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The answer to "What's going to give the Fear Index a boost ?" was staring us in the face all along .... The threat of Thermonuclear War,...

August 11, 2017

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"If it's not one thing, it's another ....."

April 11, 2018

 

ref :- "Five Things You Need to Know to Start Your Day" , Bloomberg Markets

Just time for a brief lunchtime shufti at what's going on, and it reveals of course that  the focus of attention may have moved but the anxiety levels are if anything even higher.

As we've been saying, when it comes to the US / China trade dispute, if it's another day then it must be another change in sentiment. The needle has been swinging between pessimism and optimism as developments unfurl and the markets have been struggling to keep up. The danger of short-term traders getting "whipsawed" in these conditions is very real, but today is obviously a "good" day as far as the trade stand-off is concerned. China's President / Emperor for Life Xi Jinping was surprisingly restrained and conciliatory in his latest speech, and President Trump even thanked him for his "kind words", would you believe ?

Really, you couldn't make it up but for today at least, everything's a lot calmer on that front. Normally, that would be the cue for the return of a little "risk-on" impetus, though anyone who is convinced that this means that a negotiated solution to this issue is heavily odds-on all of a sudden has more faith than we do. This thing has a long way to go before we need to prepare ourselves for the rather unattractive prospect of Xi and Trump cooing over each other.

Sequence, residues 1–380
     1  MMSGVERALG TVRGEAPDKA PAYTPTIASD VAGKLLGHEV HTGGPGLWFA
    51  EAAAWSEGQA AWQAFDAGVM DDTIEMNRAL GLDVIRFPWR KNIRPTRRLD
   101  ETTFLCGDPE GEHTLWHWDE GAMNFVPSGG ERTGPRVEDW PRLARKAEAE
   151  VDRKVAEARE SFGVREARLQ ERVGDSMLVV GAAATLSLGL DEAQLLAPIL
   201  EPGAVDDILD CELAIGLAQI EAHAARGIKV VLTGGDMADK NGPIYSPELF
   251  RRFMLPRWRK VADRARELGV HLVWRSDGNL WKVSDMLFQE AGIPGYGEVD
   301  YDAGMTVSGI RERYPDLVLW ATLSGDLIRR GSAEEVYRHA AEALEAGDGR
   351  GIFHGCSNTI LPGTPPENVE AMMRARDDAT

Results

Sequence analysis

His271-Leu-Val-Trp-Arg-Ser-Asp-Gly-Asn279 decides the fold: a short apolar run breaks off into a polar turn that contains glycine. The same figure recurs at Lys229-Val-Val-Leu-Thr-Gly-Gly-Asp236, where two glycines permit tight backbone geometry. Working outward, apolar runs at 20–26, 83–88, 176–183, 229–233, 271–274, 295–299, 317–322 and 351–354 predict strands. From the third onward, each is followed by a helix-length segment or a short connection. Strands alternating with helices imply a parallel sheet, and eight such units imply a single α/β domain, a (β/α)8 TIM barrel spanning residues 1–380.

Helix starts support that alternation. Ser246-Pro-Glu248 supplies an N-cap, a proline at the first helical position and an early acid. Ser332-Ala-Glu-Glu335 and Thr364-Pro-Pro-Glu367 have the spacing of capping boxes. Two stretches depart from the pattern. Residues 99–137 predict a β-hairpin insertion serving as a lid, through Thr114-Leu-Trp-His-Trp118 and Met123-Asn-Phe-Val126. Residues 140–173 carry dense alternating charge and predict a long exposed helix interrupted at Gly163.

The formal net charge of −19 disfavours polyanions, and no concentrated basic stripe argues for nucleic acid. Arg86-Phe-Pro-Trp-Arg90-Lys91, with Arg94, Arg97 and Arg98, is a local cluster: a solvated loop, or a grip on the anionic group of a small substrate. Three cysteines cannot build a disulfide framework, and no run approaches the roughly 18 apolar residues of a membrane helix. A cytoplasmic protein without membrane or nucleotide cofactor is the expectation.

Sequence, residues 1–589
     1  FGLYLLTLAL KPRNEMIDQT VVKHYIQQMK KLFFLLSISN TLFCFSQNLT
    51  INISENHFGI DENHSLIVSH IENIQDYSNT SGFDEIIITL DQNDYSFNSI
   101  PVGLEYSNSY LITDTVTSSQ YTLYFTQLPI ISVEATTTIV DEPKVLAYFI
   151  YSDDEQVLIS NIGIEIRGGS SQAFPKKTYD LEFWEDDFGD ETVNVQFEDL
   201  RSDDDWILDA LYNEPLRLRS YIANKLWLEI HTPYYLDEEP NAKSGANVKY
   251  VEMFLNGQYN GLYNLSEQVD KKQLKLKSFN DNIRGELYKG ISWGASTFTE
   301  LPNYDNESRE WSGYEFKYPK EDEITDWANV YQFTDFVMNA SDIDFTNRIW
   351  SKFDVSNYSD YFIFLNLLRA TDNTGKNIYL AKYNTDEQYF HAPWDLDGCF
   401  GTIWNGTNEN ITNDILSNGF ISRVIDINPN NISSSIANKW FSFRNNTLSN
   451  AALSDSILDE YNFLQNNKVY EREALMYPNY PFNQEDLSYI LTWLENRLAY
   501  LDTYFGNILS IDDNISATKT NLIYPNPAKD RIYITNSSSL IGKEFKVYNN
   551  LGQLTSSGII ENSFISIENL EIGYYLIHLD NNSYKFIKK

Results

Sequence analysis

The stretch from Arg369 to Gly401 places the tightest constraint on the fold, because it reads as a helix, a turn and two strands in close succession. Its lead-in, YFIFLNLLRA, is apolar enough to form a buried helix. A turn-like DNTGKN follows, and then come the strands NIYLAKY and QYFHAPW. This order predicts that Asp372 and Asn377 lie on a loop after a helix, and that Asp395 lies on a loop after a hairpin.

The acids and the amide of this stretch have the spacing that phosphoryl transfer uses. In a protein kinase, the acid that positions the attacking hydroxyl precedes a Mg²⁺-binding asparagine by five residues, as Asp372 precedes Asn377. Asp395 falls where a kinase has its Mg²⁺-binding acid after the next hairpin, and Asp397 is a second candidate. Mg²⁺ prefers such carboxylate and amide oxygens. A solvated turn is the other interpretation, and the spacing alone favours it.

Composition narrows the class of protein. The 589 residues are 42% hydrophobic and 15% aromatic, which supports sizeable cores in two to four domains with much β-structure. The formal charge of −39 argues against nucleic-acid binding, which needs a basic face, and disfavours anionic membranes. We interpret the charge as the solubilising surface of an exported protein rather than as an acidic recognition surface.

The fact that any risk-on effect of the trade issue has not been evident in market moves is of course wholly down to Syria, which has unsurprisingly overwhelmed any warm and cosy feelings that the more constructive trade rhetoric might have engendered.
During the long bull run , it has become unfashionable for investors to fear the worst but another audience might view what's going on in Syria as truly, deeply troubling. When a US President tweets that Russians on the ground should be warned that missiles are about to be sent in their general direction, and a Russian ambassador (to Lebanon) says that not only will they shoot the missiles out of the air but also target wherever they came from (US warships?), well ..... you don't have to be a professional prophet of doom to suggest that this is serious , and could get VERY BIG INDEED.

Okay, now .... calm down. The markets, all things considered, have taken things relatively calmly but recent gains in equities are being reversed and there are some modest gains for the safe-havens of the Swissie and the Jap Yen. More marked are the advances in gold and government bonds, which may be a more accurate reflection of the size of the risk the world is facing, and of course oil. There aren't enough oil reserves or infrastructure in the particular area to notably affect prices on their own, but the dangers for the region as a whole if a shooting war starts are obvious. The Russian rouble, already under the cosh for the last week after the imposition of fresh sanctions by the US, has slumped further and has weakened by over 11% in a week. With the beneficial effects of a weaker currency to exports in mind, especially to oil revenues, that won't bother the Kremlin one bit but it will have inflationary implications that will not be so welcome.

And talking of inflation, March US year-on-year Consumer Price Index has just been released at 2.4%, with core CPI ex-food and energy at 2.1%. These higher readings were in line with expectations, but although CPI is not the Fed's most preferred measure of inflation they do suggest that some inflationary pressure is percolating through. In different circumstances that might push bond prices lower / bond yields higher, but with Syria going on the attraction of government bonds as a safe-haven is having the opposite effect.

The minutes of March's Fed Open Market Committee (FOMC) meeting will be released tonight, and while most investors would like to think they've now got a handle on the nature of the Fed under new Chairman Powell they'll be keen to see what the Fed's thoughts were about growing trade tensions, and their potential to affect both growth and policy. Of course, if Syria kicks off such considerations will be the last thing on people's minds,

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